“For what it’s worth: it’s never too late or, in my case, too early to be whoever you want to be. There’s no time limit, stop whenever you want. You can change or stay the same, there are no rules to this thing. We can make the best or the worst of it. I hope you make the best of it. And I hope you see things that startle you. I hope you feel things you never felt before. I hope you meet people with a different point of view. I hope you live a life you’re proud of. If you find that you’re not, I hope you have the strength to start all over again.”

Although I’m utterly unsure about my future (as every 20-something in all of history ever was (minus heiresses because they don’t count)), I have unshakeable hope, free from doubt. I know God’s plans for me are perfect and directed. It’s beautiful.

I want sin.

“But I like the inconveniences.”
“We don’t,” said the Controller. “We prefer to do things comfortably.”
“But I don’t want comfort. I want God, I want poetry, I want real danger, I want freedom, I want goodness. I want sin.”
“In fact,” said Mustapha Mond, “you’re claiming the right to be unhappy.”
“All right then,” said the Savage defiantly, “I’m claiming the right to be unhappy.”
 From Aldous Huxley’s  Brave New World

I first read Brave New World in 10th grade and thought it was absolutely the strangest, most depraved thing I had ever read. Upon rediscovering it a year ago, I’m absolutely fascinated by it and especially this bit of dialogue.

Doesn’t it just say so much about the human condition? In America, everything is about comfort and ease–the new American dream, if you will. But is all of that comfort just a panacea to coverup the real and frightening urge that we crave danger? We want God, poetry, love, freedom, goodness, adventure, sin and for all of time, we keep ripping off the proverbial bandage of safety to get what we want. You cannot believe anything or love anyone comfortably or safely.  But yet, contradictorily, we only want a small amount of “inconveniences” before the consequences set in. Why do we keep turning back to comfort and ease to protect ourselves from the possible heartache of actually feeling and living a full and abundant life?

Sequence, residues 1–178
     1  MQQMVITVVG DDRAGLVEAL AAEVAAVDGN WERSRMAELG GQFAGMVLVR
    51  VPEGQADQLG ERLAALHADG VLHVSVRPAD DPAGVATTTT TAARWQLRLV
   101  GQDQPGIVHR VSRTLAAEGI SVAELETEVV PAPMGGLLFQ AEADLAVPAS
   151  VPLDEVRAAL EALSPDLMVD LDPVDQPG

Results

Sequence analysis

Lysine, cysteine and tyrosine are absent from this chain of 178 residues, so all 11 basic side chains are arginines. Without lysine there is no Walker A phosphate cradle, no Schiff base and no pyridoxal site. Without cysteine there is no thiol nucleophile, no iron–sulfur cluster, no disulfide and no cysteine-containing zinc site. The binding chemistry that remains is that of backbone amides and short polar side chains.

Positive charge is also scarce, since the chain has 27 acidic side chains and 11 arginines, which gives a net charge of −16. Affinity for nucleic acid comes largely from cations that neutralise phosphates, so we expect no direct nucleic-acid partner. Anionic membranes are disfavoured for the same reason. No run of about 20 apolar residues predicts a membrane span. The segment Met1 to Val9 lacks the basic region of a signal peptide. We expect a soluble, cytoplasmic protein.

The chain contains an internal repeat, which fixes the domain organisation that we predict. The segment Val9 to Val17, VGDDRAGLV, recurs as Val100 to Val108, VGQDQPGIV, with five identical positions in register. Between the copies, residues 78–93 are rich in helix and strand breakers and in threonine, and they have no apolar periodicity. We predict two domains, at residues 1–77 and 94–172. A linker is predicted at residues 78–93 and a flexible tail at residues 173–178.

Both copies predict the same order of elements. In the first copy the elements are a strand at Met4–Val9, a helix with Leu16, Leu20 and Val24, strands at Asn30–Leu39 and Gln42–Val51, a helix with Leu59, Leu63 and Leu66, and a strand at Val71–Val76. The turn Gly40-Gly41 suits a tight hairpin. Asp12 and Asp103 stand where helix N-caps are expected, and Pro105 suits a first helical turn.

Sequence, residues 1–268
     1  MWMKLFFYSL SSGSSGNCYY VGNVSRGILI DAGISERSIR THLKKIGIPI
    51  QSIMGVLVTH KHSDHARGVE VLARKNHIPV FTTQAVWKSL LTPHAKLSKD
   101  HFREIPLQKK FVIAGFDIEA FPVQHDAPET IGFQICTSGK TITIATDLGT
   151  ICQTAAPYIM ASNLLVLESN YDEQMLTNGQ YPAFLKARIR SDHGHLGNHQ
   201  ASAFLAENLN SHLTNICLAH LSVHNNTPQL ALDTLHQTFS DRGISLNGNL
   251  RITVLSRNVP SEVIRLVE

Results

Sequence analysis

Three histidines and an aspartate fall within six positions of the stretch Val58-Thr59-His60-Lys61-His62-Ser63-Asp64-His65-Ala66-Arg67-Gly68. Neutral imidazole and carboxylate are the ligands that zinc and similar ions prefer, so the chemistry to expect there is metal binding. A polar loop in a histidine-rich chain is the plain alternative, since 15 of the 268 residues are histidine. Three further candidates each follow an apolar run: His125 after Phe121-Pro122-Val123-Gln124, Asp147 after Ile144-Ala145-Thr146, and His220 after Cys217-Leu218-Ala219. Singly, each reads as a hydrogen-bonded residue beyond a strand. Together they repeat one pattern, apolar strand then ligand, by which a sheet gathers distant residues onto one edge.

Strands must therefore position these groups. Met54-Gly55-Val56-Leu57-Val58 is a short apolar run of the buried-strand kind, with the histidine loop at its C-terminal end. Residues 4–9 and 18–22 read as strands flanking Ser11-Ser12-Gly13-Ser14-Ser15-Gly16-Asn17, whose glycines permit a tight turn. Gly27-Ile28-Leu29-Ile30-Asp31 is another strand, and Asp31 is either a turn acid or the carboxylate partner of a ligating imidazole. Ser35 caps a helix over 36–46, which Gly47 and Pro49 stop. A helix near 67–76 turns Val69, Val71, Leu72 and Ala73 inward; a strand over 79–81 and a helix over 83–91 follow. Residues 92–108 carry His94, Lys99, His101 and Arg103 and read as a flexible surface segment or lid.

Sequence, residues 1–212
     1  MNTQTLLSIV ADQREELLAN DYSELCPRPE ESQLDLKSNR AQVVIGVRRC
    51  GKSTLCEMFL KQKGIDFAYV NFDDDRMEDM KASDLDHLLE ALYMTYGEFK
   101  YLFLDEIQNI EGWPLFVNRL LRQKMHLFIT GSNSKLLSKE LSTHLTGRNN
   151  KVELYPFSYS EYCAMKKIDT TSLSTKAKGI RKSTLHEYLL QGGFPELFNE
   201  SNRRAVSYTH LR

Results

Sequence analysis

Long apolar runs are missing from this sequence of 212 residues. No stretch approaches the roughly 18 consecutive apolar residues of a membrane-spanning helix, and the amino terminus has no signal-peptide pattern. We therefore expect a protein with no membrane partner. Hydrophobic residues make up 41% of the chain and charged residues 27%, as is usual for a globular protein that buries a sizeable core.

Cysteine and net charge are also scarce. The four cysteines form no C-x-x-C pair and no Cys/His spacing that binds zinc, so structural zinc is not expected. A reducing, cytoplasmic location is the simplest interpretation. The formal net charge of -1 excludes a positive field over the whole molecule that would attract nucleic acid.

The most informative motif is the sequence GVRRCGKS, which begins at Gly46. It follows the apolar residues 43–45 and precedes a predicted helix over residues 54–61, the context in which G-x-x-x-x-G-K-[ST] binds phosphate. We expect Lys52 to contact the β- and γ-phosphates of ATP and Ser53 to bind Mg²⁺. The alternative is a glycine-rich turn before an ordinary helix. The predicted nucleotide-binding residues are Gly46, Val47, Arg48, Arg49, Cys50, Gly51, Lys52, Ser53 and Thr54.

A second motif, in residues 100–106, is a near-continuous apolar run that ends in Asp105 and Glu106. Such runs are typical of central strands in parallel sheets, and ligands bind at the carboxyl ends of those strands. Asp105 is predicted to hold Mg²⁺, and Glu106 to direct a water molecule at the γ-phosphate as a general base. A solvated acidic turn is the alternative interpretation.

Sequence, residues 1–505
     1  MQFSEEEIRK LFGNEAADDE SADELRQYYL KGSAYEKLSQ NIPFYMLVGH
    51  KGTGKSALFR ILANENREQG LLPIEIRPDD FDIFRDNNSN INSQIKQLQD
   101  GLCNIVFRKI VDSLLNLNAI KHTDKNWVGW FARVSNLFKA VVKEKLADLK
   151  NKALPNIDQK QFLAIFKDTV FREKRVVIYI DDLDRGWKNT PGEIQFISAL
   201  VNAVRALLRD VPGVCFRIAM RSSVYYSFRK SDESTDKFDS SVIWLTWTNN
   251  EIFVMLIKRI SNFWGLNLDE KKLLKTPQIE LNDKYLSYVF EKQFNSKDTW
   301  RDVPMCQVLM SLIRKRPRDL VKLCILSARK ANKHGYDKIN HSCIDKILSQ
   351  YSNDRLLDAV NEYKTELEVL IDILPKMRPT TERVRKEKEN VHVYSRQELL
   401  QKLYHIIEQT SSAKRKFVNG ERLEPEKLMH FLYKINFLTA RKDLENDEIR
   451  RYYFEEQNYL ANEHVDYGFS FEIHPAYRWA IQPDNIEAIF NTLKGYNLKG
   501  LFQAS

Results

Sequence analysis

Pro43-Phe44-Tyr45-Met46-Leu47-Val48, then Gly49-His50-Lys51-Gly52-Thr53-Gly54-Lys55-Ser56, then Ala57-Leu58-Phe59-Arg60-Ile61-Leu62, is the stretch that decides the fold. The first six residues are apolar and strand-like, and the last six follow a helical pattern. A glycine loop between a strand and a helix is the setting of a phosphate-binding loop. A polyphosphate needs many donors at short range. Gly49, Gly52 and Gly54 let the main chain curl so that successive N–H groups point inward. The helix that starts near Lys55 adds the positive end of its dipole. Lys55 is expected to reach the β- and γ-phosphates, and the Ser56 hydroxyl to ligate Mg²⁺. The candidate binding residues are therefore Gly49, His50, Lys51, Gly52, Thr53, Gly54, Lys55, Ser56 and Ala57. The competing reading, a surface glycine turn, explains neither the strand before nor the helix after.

We are unhappy paradoxes.

(If you haven’t noticed yet, I’m somewhat of an existentialist and exponentially more so at 1:24 am.)

Dating Deal Breakers of Lee University

A little over a thousand days ago, I was a freshman. Now, I am not, but as a former peer leader, the great responsibility of sharing my vast and extensive research on Lee deal breakers is heavy upon my heart. Freshman girls, these pearls of wisdom will hopefully guard your heart from the same deal breakers as everyone else.

Deal Breakers:

Colossians 3:23 y’all

  1. He doesn’t text you during chapel. OMG, he’s actually listening to the message and worshipping? What is wrong with him!? Everyone knows that chapel is the time to play Temple Run or flirtily text. Duh.


  1. He’s not a ministry major.Move over Spanish and French, Koine Greek is obviously the language of love here at Lee. If your crush doesn’t know an alpha from an omega (insert obligatory corny Greek joke about not knowing an iota), you need to drop him like it’s hot.

    Dr. Bowdle knows.

  2. He doesn’t own a hammock. Hammocks are status symbols and often belong to the social elite & top of Lee’s social hierarchy. If he doesn’t own a hammock, most likely he’s actually hanging out with people indoors or even worse, studying. It’s a slippery slope to being associated with someone lame, my friend.

    This is your man…with a hammock.

  3. He doesn’t want to be in a Greek club.  You’ve really got to pray about this one. How will he ever be able to finish his 80 hours of service without being in a Greek service club, the only clubs truly committed to service on campus? It’s literally impossible. Just ask any member of TKO (…Oh wait, you can’t.)
  4. And now for a real one: He longboards.  I’m sorry, long boarders, but wake up from your dream world. Everyone is judging you. Long boards are inefficient means of travel & most likely means that you live in Medlin, arguably the shortest distance to classes.